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by Zvi Akiva Fleisher

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Ch. 16, v. 19: "Lo sa'teh mishpot lo sakir ponim v'lo sikach shochad" - Do not divert justice do not be prejudiced and do not take a bribe - Since the previous verse commands us to appoint judges, shouldn't this verse, which discusses the judges we appoint, express itself in the third person, "HE shall not divert, etc."? We can derive from this that if we appoint judges who transgress these three precepts we are held responsible. It is as if we ourselves have done these injustices. (Ohr Hachaim Hakodosh)

Ch. 17, v. 18: "V'hoyoh ch'shivto al ki'sei mamlachto" - And it shall be when he sits upon his kingly throne - "V'hoyoh" is an expression of joy. The gemara Yerushalmi 3:3 says that one who is elevated to a position of prominence is cleansed of his sins. It will be a great joy if the king will remain in the state of when he has just sat down upon his royal throne, i.e. he will remain free of sin. (Rabbi Mayer Arik)

Ch. 17, v. 18: "Ki'sei mamlachto" - Kingly throne - For the king to merit remaining on his throne he should fulfill the mitzvos of KiSEI, Kof-Samech-Alef. This is an acronym for Kesef, Sus, Ishoh, the three matters about which he was warned in verses 16 and 17. (Kli Yokor)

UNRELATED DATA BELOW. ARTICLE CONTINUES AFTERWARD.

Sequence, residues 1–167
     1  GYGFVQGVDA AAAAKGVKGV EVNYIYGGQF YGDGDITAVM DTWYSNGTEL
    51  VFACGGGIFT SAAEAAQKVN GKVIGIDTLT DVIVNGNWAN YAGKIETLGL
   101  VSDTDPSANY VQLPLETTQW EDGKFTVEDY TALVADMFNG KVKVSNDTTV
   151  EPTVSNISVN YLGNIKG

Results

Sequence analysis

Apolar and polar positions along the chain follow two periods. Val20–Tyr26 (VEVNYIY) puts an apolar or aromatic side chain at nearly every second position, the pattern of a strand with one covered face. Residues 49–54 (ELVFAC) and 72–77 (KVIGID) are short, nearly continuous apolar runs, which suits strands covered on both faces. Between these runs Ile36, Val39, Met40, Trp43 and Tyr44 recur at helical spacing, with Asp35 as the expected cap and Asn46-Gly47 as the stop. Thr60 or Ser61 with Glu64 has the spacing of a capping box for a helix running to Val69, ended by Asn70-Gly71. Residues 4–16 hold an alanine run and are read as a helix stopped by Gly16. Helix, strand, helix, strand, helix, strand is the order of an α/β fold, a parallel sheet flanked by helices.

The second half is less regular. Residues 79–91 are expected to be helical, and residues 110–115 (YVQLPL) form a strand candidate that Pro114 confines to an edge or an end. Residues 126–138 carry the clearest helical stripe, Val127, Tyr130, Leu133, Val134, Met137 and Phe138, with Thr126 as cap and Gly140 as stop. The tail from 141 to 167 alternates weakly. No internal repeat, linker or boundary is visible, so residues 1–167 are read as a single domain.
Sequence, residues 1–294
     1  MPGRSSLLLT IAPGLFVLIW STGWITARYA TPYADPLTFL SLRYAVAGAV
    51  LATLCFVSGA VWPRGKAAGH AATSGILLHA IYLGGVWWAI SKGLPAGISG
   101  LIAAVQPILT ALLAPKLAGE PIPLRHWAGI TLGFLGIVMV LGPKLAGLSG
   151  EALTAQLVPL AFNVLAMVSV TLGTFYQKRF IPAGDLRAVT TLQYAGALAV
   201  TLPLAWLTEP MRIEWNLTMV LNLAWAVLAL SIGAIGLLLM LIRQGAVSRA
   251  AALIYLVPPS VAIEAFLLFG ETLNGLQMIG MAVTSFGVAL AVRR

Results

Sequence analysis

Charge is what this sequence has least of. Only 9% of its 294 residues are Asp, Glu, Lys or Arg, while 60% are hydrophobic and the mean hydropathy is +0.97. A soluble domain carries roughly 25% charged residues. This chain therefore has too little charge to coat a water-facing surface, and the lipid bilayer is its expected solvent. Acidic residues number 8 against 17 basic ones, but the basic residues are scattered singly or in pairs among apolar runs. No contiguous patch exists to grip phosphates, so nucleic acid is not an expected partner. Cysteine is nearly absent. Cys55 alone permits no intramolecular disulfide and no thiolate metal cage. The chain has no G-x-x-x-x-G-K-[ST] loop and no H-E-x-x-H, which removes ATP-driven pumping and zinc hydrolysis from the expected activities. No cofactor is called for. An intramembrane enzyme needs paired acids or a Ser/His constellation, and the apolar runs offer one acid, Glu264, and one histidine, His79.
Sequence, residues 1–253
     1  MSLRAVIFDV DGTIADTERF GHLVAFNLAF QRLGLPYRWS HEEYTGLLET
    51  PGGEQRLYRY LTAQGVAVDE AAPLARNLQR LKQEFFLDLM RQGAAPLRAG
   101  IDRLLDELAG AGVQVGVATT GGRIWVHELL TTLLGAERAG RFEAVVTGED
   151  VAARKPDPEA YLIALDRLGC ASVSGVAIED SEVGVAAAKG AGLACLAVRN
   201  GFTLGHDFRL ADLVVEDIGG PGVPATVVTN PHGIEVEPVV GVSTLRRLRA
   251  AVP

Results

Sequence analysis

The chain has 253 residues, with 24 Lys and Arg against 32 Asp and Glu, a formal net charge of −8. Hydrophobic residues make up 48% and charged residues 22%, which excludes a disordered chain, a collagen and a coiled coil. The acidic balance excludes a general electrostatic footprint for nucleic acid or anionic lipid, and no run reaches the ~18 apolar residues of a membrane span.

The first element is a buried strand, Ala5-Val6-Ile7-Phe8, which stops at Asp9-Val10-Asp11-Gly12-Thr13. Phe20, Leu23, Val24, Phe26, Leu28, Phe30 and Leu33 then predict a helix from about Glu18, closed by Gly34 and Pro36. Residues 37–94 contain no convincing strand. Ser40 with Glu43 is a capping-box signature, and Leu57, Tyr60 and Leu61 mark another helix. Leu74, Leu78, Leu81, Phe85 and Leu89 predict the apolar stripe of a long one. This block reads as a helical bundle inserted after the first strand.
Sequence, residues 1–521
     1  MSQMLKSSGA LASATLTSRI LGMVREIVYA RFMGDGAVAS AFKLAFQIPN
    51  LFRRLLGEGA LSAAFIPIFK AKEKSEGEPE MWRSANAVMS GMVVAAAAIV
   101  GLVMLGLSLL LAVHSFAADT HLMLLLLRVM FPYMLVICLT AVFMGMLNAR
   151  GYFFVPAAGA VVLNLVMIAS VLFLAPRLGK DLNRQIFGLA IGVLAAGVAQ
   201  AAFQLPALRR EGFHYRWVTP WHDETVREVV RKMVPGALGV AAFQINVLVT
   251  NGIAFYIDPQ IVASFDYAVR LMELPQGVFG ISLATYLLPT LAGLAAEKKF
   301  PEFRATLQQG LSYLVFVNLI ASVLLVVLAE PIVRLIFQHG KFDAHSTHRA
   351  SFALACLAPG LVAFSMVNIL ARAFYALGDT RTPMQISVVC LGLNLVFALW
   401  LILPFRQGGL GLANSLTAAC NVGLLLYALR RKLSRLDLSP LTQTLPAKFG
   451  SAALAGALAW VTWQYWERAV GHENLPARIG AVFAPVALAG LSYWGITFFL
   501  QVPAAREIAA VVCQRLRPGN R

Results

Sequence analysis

Ch. 18, v. 3: "Hazro'a v'halchoyayim v'ha'keivoh" - The arm and the cheeks and the rumen - Although many of the items given to a Kohein are listed at the end of parshas Korach, this was not mentioned there because the people of the previous generation were still alive. They would never enter Eretz Yisroel and the only meat they ate in the desert was "shlomim" sacrifices. Sacrificial animals are exempt from this mitzvoh. We are now addressing the new generation that would enter Eretz Yisroel and would eat secular "chulin" meat, which requires this separation for the Kohein. (Ramban)

Ch. 18, v. 10: "Koseim k'somim" - One who divines with sticks - Rashi (Sifri 18:59) explains that one holds onto his walking stick and asks it if he should venture on a trip or not. Baa'lei Tosfos explain that the divination takes place by taking small sticks and peeling them on one side only. When considering taking a trip one would take a few of these half-peeled sticks and toss them. Depending upon which side they would land one would decide if he should venture out or not.